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Hooray for common sense with winter parking bans

You know you’re a suburbanite if you’ve ever woken up with a start in the middle of the night between Nov. 1 and April 1 and realized that you forgot to pull the car in the driveway.

You also know you’re a suburbanite if you’ve walked out to the street on a warm, sunny morning and seen a piece of paper under your windshield wiper left for you by a police officer.

It didn’t matter that your air conditioner was running at the time or that the weather forecast called for overnight lows in the 60s for the next week or that you were getting up early to play 18 holes and then go to the beach: Several towns and villages want the streets clear so that their plows and salters can do their job in the event of a snowstorm so they ban overnight parking during that five-month period.

The fact that they happen to make hundreds of thousands of dollars in revenue by ticketing vehicles that don’t comply, even when THERE IS NOT A SNOWBALL’S CHANCE IN YOU-KNOW-WHERE OF SNOW, is just a coincidence.

Happily, those days may be coming to an end. And the village of Kenmore is leading the way.

[Related: When Buffalo parking bans become effective]

This is not to say that Kenmore was the first or only municipality to finally realize that holding fast to an arbitrary parking ban season was a mistake. By March of this year, it became clear that winter was never going to make a serious appearance and several municipalities ended their bans weeks before April 1.

And this fall, as summer has stubbornly hung around into November, some of our largest communities checked out the forecast and decided that Nov. 1 would bear a closer resemblance to July 1 than Jan. 1 and delayed the ban for about two weeks.

Kenmore took the idea one step further. The village that is arguably best known as the last place you ever want to do the wrong thing with your motor vehicle - ask around - this year decided to push back the start of its overnight parking ban to Nov. 15 and to end it on March 15, thus giving its residents a full month of extra on-street parking.

[Related: Amherst delays parking ban until Nov. 16]

Why? Because as we all know, it generally doesn’t snow that much in Kenmore in early November or late March.

But the village didn’t stop its new and improved approach to winter parking there: Earlier this week, officials looked at the long-range forecast, didn’t see a whole lot of snow in it, and decided to delay the overnight rules until Dec. 1.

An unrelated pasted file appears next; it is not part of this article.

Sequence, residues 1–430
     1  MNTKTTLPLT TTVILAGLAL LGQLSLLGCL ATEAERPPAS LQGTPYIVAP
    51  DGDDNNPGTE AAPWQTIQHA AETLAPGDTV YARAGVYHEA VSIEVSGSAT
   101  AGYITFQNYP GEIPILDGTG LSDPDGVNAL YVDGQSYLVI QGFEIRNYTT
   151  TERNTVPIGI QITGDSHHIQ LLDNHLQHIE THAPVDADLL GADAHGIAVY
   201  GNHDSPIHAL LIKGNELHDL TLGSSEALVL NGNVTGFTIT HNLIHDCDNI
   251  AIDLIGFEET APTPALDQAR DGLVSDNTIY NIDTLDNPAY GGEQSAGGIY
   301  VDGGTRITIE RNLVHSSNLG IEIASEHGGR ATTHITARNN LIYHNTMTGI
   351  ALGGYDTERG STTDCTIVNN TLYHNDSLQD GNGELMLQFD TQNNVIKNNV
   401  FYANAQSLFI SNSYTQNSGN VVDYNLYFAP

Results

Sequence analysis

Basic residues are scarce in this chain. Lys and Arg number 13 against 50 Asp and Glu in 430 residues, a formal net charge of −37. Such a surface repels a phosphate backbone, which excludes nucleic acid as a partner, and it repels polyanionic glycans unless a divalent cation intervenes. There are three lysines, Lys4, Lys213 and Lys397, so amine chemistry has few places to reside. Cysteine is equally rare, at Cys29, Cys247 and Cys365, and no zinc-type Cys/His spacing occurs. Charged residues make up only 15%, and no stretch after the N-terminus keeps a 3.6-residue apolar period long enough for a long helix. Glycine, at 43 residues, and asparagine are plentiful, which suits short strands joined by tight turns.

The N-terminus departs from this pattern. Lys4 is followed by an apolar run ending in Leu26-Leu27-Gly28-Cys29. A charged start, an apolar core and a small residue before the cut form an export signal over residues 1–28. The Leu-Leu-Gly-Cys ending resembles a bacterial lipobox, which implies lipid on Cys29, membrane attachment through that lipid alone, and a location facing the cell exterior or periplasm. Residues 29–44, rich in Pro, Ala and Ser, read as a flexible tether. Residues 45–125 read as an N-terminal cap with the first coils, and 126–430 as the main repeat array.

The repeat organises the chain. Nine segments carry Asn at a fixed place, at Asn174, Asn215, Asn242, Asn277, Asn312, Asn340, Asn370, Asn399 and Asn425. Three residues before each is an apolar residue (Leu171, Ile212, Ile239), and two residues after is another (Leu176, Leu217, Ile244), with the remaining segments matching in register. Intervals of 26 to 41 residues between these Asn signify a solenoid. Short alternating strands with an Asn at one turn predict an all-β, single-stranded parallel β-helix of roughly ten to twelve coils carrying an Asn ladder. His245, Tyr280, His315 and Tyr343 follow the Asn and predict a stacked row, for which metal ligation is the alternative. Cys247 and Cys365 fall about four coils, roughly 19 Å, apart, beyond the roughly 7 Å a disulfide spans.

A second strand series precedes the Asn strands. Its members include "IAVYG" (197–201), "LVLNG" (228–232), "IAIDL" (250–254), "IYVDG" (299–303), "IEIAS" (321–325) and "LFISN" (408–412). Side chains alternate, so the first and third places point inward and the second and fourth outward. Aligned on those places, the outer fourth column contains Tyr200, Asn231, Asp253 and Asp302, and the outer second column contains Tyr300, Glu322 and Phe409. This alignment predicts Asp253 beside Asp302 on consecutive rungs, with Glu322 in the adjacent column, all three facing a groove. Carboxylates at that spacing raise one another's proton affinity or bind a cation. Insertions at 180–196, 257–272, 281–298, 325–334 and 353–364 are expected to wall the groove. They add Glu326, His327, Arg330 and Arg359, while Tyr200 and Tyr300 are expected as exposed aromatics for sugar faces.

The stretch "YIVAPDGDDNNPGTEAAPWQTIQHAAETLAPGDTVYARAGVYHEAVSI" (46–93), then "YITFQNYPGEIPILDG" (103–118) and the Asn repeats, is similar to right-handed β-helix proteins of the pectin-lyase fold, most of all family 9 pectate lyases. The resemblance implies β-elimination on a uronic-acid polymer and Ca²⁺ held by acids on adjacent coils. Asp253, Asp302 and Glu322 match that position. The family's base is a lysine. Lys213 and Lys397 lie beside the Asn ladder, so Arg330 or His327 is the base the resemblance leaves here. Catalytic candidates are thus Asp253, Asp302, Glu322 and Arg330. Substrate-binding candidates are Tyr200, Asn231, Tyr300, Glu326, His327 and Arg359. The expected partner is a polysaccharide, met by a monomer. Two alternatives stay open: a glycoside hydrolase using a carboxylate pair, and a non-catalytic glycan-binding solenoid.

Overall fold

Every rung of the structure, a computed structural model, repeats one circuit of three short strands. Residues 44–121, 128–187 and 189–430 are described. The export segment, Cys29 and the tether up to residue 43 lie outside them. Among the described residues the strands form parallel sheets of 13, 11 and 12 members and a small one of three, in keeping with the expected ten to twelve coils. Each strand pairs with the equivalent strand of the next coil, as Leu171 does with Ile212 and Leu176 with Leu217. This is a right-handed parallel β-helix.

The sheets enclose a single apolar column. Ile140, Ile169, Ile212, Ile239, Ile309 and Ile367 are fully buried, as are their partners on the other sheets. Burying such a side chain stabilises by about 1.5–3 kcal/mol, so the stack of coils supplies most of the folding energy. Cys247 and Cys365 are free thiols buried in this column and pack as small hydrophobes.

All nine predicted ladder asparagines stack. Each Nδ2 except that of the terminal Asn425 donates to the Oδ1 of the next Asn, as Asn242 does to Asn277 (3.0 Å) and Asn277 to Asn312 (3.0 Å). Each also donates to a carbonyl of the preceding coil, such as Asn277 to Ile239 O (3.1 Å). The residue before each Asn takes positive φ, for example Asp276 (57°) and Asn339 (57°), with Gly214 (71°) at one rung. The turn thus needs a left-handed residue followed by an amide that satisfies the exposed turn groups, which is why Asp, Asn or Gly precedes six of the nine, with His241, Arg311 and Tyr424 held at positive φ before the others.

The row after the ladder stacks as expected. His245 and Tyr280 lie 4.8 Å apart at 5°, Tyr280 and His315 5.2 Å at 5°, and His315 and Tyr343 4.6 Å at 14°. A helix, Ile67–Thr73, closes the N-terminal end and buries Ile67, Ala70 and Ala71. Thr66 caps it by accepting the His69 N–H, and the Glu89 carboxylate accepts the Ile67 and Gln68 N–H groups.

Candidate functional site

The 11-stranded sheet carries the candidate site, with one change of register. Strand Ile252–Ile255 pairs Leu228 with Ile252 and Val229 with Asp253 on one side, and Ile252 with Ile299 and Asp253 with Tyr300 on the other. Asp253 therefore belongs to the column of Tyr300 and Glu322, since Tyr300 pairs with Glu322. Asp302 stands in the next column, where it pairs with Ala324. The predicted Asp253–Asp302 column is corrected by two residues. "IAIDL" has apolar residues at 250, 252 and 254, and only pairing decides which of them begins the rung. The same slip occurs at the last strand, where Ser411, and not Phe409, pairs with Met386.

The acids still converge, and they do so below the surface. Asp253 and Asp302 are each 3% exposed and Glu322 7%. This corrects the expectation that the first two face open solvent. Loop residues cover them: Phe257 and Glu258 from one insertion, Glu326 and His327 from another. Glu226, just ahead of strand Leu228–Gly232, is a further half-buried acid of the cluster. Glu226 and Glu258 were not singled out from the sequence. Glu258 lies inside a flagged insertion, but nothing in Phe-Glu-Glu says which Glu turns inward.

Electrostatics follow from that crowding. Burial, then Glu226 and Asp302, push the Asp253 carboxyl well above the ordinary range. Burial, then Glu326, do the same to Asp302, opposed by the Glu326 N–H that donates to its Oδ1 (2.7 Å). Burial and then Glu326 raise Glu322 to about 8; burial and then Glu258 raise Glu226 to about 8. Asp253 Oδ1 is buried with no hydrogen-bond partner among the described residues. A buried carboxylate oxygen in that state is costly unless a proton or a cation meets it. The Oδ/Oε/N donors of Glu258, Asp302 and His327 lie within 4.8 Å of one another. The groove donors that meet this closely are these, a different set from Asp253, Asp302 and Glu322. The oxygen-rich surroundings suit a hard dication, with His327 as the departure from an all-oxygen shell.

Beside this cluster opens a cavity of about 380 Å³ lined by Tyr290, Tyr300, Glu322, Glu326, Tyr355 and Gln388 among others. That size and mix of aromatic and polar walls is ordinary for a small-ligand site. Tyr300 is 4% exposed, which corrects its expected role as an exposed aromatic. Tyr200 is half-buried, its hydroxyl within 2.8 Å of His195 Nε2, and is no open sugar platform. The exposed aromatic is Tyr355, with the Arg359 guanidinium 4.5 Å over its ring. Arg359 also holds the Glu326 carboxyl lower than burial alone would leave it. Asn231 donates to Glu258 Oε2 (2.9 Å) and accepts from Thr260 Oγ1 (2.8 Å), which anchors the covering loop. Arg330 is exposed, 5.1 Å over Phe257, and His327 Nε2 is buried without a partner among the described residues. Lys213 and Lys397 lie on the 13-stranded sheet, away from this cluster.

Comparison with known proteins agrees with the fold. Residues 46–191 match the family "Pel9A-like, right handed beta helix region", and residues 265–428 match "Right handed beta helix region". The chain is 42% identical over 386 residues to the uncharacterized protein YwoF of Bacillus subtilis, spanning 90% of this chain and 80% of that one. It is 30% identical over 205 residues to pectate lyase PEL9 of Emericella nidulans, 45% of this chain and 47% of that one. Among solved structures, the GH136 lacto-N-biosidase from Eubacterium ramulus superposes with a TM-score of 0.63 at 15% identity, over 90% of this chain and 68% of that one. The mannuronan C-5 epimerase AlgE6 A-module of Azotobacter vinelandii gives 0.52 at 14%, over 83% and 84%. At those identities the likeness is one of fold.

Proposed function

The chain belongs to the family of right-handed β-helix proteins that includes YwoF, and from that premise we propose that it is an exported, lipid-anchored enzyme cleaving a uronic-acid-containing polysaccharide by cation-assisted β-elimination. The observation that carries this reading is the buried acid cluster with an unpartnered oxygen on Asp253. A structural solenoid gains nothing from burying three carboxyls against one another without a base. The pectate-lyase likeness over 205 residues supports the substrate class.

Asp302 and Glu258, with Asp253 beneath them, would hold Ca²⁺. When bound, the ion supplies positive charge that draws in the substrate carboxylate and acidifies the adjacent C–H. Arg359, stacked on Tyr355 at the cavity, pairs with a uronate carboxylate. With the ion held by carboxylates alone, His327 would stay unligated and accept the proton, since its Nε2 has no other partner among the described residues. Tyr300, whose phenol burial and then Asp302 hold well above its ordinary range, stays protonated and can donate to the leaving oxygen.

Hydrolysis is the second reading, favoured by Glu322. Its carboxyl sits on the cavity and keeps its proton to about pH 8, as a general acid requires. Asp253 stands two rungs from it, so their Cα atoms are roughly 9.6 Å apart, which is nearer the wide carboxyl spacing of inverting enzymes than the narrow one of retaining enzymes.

“But wait,” you say. “It’s supposed to snow this weekend. What are they going to do if they’re allowing on-street parking and 10 inches of snow falls overnight?”

Great question. I had the same one, so I asked it of Kathleen P. Johnson, the village’s clerk-treasurer.

First off, she noted that the worst of the snow is not supposed to fall in the Northtowns, which is true, according to current forecasts. Secondly, if it does, the village plans to alert its residents via conventional and social media to please get their vehicles off the road to let the plows and salters do what they need to do, like it did when the October Storm in 2006 had the temerity to occur before the winter rules went into effect.

“We’ll make adjustments,” she said.

(Cue the heavenly hosts singing "Hallelujah!")

Here’s the thing that some elected officials had trouble coming to grips with for years, but that Kenmore has figured out: You can both have a law AND a common sense approach to applying it. If advances in technology make it easy to alert every family in a school district to keep the kids home that day because of the snow that fell, we certainly can find a way to let citizens know that they need to get their cars off the street because of the snow that might fall.

And don’t forget, we suburbanites have a vested interest in getting our cars in the driveway on snowy nights; it’s generally easier to dig it out of there than out of the snow mound created by a plow going by.

So here’s to Kenmore and all the communities that have found a happy medium when it comes to parking regulations.

Now if there were only some way we could get the plows to not come by right after we’ve shoveled our driveways …


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